no. 1 january - march 2004
(Above - Left to Right): Mother Mary Suzanne, O.Carm., Superior General, Carmelite Sisters for the Aged and Infirm, Bishop James C. Timlin, DD (former Bishop of Scranton, Pennsylvania), Very Rev. Michael Kissane, O.Carm. (Prior Provincial, North American Province of St. Elias), and Sister M. Michael Rosarie, O.Carm. (a former Superior General, first to succeed Mother M. Angeline Teresa as Superior General) following a Mass in New York celebrating the 20th Anniversary of Mother Angeline Teresa’s entrance into heaven on January 21, 2004. (Right) Mother M. Angeline Teresa. (Photo courtesy of the Carmelite Sisters for the Aged and Infirm)
On September 3rd of this year, the Carmelite Sisters for the Aged and Infirm will mark 75 years since their Congregation was founded in New York City by the Servant of God, Mother Mary Angeline Teresa McCrory, O. Carm.
Mother Angeline, born in Co. Tyrone, Ireland, was a woman ahead of her time. While still in her teens, she entered the Congregation of the Little Sisters of the Poor. After her initial training in France, she was assigned to the Home of the Little Sisters in Brooklyn, New York.
Although having a great love for her Congregation, Mother Angeline had a growing sense of the need to adapt the care of the elderly to the American culture with its varied, meaningful customs and less restrictive ways. She also saw the need to provide care for the elderly of all economic classes, not just the destitute aged. Moved by the spirit of Hospitality which she vowed as a Little Sister, Mother Angeline envisioned homelike residences that would reflect a spirit of warmth, welcome and the freedom to enjoy life to its fullest during the later years.
And so it was in 1929, the year of the Great Depression, that Mother Angeline Teresa approached New York’s great "Cardinal of Charity," Patrick Cardinal Hayes, and explained her desires to him. The Cardinal recognized that Mother’s solicitude for the aged of all classes was a divine inspiration and a great need in the Archdiocese. Since such work could not be conducted within the existing structure of the Little Sisters, the Cardinal told Mother Angeline that it might be necessary to start out on her own. He reassured her: "If this be the work of God, it will prosper."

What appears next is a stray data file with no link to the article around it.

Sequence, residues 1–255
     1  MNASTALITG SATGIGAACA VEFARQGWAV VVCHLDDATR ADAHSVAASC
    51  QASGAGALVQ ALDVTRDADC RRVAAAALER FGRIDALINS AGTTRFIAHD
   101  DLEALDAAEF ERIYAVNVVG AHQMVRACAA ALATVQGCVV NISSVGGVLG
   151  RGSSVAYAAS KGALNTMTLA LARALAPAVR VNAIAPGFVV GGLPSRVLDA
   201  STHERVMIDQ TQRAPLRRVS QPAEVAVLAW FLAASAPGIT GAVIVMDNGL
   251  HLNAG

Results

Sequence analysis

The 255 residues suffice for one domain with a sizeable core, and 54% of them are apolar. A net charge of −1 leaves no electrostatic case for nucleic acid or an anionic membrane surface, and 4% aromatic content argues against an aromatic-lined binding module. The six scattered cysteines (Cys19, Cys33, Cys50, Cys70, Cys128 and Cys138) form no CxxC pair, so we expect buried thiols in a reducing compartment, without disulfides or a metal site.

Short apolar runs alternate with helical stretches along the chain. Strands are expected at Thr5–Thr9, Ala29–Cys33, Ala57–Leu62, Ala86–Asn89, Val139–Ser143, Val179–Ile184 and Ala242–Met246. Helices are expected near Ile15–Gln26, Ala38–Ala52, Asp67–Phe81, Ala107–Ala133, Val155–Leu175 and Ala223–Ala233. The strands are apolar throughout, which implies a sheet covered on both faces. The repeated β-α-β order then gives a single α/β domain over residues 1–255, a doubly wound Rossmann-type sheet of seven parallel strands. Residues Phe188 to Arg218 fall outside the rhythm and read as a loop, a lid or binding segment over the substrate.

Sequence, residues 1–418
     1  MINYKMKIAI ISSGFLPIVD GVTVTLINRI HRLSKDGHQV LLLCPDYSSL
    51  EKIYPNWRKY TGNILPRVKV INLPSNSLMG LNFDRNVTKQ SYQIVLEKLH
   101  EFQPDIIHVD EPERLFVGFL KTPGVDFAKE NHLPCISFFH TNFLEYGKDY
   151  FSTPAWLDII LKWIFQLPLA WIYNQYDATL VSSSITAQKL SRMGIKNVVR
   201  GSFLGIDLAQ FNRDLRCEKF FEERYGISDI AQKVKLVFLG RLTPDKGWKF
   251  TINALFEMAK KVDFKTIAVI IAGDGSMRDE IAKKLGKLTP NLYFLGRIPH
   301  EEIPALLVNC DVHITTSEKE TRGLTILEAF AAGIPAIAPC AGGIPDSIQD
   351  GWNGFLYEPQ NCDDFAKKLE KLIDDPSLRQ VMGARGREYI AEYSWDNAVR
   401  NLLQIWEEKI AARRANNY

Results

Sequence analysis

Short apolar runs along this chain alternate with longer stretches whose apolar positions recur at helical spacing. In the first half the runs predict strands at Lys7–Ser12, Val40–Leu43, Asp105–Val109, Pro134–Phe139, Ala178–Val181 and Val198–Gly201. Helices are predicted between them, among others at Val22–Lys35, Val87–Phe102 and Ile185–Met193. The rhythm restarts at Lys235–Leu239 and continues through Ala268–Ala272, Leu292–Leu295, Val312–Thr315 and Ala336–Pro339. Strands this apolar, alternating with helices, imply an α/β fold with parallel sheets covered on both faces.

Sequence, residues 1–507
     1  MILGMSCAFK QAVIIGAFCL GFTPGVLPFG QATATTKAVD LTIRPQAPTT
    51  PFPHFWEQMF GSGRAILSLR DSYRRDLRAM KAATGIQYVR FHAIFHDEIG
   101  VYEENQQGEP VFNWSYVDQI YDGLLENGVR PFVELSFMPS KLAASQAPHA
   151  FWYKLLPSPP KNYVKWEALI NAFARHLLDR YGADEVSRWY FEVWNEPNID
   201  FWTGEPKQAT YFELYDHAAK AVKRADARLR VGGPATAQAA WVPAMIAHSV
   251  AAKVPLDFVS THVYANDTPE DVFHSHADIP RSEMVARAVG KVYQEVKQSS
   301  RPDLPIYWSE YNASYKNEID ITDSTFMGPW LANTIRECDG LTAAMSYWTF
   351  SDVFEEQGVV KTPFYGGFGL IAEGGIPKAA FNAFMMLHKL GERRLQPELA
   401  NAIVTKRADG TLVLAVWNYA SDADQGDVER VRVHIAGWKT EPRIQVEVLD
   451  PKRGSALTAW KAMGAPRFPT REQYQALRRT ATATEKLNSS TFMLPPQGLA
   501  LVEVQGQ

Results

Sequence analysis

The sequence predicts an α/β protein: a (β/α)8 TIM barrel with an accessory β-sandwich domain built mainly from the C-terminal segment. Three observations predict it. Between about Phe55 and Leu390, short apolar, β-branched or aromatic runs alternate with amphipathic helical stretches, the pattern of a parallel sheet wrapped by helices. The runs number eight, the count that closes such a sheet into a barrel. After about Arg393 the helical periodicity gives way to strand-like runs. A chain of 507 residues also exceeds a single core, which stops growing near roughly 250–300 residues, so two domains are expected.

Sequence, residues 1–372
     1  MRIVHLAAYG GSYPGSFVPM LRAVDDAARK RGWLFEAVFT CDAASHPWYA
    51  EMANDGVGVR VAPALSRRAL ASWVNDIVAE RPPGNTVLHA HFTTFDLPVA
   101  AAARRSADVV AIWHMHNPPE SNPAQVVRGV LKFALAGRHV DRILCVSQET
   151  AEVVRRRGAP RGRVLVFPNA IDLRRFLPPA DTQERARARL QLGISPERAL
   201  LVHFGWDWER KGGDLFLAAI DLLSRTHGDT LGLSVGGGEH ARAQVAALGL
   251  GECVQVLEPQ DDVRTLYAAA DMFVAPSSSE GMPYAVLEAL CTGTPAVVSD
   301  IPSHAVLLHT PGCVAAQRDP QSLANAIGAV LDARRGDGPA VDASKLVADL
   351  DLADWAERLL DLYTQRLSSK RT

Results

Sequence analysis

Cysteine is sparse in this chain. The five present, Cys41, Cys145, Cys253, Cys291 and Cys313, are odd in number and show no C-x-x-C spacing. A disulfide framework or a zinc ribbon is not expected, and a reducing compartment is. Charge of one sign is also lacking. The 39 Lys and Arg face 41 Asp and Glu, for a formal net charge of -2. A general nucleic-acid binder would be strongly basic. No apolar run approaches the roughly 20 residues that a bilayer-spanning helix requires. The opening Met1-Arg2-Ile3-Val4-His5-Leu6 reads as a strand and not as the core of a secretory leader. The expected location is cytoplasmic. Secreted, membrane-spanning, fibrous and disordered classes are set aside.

Thus it came about that Mother Angeline and her six companions, all
former Little Sisters, embraced the challenge God set before them. They
moved into what was St. Elizabeth’s Rectory on Broadway in New Yark City.
Their first guests were seven elderly people who helped with chores around
the household and enjoyed a real sense of "family" under the loving care
of the Sisters. God rewarded Mother Angeline’s trust by allowing her to
sow the seeds of her vision in many other parts of the United States and
even back in her native Ireland. He gave her successors to carry on the
important work she began. Today, Carmelite Sisters number over 200
On her 91st Birthday - January 21, 1984 - God called Mother Angeline to her heavenly reward. In 1985, the Promotion of the Cause of Mother Angeline was begun, and in June of 1989, Mother Angeline was declared: Servant of God It is hoped that one day she will join the ranks of the blesseds and ultimately be among the saints of Carmel, giving final glory to God not only by her lifetime’s works, but mare importantly, by her lifetime of holiness.
For more information on the Carmelite Sisters for the Aged and Infirm or the Cause of Mother M Angeline Teresa, contact: Mother Mary Suzanne, O.Carm., 600 Woods Rd, Germantown, New York 12526, USA. Telephone: 518-537-5000. Fax: 518-537-5226.
The reconstructed prison cell of Titus Brandsma from Scheveningen prison which Brandsma so aptly depicted in his last work ‘My Cell’ (Photo courtesy of the Titus Brandsma Museum)
The museum has been functioning since May 2003.
Though the museum began as a Catholic archive, it has moved towards displaying the spirituality and inspiration for today of the little, beatified Carmelite in the format of a museum. There are many connections between Titus Brandsma and the modern world. Some organizations exist which were founded by Brandsma. An international award, lectures and courses all carry the Brandsma name. Modern struggles for emancipation are influenced by Brandsma.